A week before Eli Lilly (LLY.N) disclosed to regulators that the U.S. Justice Department was investigating its New Jersey factory, the drugmaker told employees that its own inquiry, led by an outside law firm, found no evidence of wrongdoing there.
On April 8, a group of employees filed an anonymous complaint internally alleging that an executive at its Branchburg, New Jersey, factory had altered documents required by the U.S. Food and Drug Administration.
Lilly tapped the Washington D.C. law firm Covington & Burling LLP to investigate the alleged alterations, which the employees said were meant to downplay serious quality control problems at the plant producing the drugmaker’s COVID-19 antibody treatment.
In a memo to Branchburg employees on May 20, Nellie Clark, head of the plant, summed up the outside lawyers’ findings: “In the end and very importantly, allegations that Lilly made false statements to the FDA were not substantiated.”
A week after the memo was released to employees, the Justice Department had launched a criminal investigation focused on the Branchburg plant. That same day, May 27, Lilly reported to the U.S. Securities and Exchange Commission that it had received a subpoena from the department seeking documents related to the factory.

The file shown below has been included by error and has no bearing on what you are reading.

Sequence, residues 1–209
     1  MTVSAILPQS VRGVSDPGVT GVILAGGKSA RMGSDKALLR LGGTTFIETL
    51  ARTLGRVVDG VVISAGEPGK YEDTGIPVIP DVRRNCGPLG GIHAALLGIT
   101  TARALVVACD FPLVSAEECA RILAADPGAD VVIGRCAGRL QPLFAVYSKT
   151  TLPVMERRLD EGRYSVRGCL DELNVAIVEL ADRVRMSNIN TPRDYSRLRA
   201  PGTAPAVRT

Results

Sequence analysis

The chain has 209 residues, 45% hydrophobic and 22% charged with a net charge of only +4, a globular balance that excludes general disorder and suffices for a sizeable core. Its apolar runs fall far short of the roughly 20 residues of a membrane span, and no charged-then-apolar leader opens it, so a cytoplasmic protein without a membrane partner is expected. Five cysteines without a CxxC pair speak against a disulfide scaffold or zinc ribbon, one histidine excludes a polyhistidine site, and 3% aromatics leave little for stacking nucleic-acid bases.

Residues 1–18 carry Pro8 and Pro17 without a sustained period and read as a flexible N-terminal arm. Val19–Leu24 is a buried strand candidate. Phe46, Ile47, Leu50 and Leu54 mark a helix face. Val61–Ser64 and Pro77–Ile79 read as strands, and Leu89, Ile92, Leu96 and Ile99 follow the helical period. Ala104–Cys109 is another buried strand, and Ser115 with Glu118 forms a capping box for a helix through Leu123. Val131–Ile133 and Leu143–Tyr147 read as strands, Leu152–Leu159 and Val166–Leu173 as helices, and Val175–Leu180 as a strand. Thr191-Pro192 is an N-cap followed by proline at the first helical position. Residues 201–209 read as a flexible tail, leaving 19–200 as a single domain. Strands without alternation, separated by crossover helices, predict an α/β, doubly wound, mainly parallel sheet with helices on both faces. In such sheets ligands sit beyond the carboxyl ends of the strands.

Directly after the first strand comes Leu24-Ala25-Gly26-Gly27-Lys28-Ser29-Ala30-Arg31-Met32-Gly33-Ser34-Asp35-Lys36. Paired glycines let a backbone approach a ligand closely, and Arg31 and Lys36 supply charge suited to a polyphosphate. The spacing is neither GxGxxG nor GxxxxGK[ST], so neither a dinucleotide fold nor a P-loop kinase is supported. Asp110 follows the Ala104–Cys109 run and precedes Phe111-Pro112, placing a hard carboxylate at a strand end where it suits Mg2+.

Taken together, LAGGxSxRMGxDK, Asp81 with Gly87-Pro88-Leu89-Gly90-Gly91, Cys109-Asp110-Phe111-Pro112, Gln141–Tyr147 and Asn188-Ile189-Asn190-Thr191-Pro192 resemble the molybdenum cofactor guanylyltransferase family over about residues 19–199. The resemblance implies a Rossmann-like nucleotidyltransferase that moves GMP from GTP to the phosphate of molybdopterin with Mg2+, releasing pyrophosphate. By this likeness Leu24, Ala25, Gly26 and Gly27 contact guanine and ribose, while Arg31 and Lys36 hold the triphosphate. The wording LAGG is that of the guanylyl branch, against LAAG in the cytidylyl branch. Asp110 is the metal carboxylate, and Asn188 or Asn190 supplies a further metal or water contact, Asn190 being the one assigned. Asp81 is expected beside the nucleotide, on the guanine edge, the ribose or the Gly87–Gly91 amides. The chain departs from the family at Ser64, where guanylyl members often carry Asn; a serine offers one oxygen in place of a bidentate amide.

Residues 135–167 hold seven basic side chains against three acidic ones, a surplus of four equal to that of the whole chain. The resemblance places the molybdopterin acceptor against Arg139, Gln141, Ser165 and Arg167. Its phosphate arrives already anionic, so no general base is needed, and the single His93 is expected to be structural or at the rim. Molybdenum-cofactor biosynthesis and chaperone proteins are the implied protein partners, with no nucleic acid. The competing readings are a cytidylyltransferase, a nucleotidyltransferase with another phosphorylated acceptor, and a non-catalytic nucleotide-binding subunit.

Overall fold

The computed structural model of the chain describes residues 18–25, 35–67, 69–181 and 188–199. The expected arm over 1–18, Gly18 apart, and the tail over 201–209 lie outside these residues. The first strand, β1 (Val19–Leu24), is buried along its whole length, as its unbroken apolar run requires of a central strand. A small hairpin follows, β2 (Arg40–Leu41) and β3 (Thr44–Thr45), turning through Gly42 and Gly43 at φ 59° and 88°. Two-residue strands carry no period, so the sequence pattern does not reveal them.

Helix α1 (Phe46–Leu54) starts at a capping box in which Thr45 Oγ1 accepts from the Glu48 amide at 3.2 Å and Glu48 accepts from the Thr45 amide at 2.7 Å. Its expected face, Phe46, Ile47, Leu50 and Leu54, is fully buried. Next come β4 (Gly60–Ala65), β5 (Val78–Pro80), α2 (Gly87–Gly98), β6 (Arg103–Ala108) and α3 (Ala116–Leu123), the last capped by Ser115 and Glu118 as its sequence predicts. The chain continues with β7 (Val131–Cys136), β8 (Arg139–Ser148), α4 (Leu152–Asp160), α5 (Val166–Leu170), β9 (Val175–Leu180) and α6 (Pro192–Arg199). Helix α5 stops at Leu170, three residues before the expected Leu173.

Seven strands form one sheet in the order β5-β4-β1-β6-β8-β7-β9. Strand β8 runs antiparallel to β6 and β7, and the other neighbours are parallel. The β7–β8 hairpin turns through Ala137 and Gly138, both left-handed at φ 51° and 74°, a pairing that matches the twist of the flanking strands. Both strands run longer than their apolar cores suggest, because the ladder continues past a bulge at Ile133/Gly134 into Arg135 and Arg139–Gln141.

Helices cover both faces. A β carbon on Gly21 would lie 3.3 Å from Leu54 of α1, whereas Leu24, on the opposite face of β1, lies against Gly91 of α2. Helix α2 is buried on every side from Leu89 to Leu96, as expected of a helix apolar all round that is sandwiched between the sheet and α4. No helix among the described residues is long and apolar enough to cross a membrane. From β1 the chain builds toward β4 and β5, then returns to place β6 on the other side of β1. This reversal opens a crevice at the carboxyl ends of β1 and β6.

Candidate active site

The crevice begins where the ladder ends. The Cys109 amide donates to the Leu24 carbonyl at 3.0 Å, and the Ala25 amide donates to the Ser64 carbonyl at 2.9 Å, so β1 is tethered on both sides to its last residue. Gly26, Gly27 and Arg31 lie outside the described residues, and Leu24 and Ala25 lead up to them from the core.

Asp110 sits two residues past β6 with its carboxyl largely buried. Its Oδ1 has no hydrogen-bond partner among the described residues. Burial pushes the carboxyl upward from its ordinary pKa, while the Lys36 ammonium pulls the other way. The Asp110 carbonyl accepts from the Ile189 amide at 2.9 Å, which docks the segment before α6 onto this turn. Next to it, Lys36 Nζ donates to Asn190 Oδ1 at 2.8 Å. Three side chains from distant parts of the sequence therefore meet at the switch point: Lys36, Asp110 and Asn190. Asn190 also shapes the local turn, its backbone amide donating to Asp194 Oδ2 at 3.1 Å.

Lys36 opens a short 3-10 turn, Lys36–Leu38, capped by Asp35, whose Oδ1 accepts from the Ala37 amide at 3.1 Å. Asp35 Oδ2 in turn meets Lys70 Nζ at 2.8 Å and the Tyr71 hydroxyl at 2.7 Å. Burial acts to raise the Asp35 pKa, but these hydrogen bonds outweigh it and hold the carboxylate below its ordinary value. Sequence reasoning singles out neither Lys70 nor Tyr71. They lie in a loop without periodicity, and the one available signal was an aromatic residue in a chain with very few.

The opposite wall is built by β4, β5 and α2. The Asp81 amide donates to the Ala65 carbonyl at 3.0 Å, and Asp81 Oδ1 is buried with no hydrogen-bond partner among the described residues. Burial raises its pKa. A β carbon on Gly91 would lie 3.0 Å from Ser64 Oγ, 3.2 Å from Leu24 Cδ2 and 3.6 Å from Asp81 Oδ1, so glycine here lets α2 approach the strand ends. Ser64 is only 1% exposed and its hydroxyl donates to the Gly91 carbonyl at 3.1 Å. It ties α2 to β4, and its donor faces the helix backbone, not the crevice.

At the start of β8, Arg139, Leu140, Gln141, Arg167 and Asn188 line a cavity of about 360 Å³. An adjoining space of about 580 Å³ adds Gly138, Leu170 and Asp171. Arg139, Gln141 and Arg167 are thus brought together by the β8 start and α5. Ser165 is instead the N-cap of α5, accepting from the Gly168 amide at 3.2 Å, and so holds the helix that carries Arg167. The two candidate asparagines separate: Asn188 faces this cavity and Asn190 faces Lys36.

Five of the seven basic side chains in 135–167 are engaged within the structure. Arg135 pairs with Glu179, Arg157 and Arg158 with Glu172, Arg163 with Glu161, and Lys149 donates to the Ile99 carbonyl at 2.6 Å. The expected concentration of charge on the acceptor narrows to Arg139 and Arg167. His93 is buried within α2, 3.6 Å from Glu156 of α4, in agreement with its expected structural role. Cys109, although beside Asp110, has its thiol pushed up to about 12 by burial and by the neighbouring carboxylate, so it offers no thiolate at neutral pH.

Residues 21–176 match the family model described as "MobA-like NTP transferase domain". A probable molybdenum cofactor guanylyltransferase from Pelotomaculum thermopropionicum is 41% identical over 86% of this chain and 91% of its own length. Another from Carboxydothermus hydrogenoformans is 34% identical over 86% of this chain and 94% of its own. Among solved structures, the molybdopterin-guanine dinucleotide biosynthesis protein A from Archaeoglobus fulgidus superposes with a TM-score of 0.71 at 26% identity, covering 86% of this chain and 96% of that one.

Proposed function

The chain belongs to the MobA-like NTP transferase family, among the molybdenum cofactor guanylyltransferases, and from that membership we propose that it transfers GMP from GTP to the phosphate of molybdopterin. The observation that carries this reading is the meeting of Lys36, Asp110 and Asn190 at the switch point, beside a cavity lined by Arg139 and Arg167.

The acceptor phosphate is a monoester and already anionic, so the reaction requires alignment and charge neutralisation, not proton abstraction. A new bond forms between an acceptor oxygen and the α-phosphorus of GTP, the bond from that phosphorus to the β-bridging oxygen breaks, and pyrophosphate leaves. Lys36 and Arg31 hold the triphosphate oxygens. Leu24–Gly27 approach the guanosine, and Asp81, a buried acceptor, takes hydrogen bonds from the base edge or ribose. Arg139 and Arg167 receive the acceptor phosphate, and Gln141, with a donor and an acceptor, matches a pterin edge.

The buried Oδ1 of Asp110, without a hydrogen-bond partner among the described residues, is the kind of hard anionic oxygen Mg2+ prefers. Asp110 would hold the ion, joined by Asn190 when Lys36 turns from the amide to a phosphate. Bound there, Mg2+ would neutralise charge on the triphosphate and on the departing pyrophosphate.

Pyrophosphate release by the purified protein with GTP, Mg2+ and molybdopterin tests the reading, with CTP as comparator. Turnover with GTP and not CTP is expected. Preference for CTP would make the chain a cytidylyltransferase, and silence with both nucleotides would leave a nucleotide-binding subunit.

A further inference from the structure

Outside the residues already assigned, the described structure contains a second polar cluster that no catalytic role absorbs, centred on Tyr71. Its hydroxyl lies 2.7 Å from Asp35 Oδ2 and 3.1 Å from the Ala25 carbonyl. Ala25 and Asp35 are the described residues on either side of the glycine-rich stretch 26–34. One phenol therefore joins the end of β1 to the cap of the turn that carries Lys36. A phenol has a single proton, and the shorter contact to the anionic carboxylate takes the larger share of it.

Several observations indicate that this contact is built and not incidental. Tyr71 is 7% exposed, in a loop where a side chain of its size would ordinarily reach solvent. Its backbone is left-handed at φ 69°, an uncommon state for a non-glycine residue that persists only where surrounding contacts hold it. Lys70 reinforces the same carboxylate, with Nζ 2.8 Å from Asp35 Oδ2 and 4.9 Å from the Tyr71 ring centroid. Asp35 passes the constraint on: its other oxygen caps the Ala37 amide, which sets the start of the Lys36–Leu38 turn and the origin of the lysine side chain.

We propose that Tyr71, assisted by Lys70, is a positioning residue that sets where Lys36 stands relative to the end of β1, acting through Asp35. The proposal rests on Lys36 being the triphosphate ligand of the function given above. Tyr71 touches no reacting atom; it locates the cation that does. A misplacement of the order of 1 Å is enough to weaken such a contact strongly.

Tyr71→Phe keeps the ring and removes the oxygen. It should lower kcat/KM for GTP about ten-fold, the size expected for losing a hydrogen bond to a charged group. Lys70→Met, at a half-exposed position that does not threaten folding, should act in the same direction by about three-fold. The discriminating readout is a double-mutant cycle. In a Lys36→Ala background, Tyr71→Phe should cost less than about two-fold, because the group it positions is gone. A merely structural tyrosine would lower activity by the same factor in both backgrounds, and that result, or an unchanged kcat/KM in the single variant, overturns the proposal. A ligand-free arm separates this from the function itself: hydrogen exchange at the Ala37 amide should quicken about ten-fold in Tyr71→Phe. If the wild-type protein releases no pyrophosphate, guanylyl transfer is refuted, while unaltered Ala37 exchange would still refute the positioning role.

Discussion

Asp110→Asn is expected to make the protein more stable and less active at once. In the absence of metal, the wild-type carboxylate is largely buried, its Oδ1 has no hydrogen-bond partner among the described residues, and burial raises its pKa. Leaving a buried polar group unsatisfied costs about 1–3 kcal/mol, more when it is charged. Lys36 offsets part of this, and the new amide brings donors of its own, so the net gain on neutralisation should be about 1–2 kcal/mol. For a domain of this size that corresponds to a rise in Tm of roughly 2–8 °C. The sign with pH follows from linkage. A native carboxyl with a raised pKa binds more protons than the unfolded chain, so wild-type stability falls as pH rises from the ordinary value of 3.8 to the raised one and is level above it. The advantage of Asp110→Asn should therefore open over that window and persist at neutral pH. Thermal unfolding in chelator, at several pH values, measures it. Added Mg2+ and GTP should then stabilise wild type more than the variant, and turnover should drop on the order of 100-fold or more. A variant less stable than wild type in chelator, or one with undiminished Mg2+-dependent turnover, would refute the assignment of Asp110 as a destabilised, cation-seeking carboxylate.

The company reported that it was cooperating with the Justice Department probe and that an outside law firm was also “investigating these allegations thoroughly.”
It was not clear which inquiry – the company’s or the government’s – was launched first and to what extent the subjects coincide. However, based on three sources familiar with the matter, the Justice Department’s investigation into Lilly includes a review of alleged manufacturing irregularities and records-tampering.
Lilly spokesperson Kathryn Beiser and a Justice Department spokesperson declined to comment. Clark did not respond to a request for comment. A Covington spokesperson did not respond to a request for comment nor to a request for a copy of the firm’s report.
The Covington inquiry is significant because Lilly’s handling of any employee allegations is likely to be considered by U.S. prosecutors as they weigh whether there are grounds to pursue criminal charges, seek civil action, or decline to bring a case at all, several legal experts said.
Government prosecutors often consider whether a corporation made a genuine effort to investigate and address potentially illegal activities once learning of them.
If the Justice Department concludes that an internal investigation was thorough, it can result in a non-prosecution agreement with few, if any, penalties, the experts said. However, a company-led investigation that appears to have been poorly handled could lead to harsher outcomes.
“Whenever a company hires outside counsel to conduct an inquiry, it’s taken extremely seriously by the Justice Department,” said Paul Pelletier, a former long-time federal prosecutor who used to oversee criminal investigations of corporations.